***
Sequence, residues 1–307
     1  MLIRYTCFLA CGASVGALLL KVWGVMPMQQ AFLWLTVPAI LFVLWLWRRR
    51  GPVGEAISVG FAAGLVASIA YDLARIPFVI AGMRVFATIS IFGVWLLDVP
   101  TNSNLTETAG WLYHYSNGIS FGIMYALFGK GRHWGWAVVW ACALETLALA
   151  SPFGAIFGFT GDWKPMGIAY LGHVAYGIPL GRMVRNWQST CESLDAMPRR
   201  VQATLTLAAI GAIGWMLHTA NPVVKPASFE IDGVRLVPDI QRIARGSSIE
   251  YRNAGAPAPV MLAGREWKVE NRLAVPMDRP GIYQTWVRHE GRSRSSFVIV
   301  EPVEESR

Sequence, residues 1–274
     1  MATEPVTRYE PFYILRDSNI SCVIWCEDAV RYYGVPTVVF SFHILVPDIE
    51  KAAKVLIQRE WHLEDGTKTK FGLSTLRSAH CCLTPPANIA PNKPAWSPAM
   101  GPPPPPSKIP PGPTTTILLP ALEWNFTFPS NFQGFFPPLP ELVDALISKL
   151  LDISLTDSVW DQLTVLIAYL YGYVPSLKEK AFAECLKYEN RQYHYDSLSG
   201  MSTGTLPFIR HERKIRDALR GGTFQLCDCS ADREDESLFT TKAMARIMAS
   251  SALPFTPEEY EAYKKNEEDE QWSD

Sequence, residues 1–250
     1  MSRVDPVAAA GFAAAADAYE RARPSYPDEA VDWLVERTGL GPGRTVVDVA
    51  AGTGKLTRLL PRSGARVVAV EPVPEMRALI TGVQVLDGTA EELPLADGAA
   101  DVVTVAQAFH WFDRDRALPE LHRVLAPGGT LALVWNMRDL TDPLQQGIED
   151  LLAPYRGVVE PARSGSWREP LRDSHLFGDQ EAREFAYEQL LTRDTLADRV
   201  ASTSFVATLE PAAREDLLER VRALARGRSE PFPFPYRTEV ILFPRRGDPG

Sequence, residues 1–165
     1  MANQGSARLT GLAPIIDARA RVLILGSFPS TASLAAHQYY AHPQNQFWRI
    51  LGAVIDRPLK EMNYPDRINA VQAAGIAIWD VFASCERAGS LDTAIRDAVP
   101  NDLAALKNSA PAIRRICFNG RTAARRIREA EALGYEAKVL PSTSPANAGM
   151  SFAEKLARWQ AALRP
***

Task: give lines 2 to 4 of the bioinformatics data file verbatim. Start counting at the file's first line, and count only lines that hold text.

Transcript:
     1  MLIRYTCFLA CGASVGALLL KVWGVMPMQQ AFLWLTVPAI LFVLWLWRRR
    51  GPVGEAISVG FAAGLVASIA YDLARIPFVI AGMRVFATIS IFGVWLLDVP
   101  TNSNLTETAG WLYHYSNGIS FGIMYALFGK GRHWGWAVVW ACALETLALA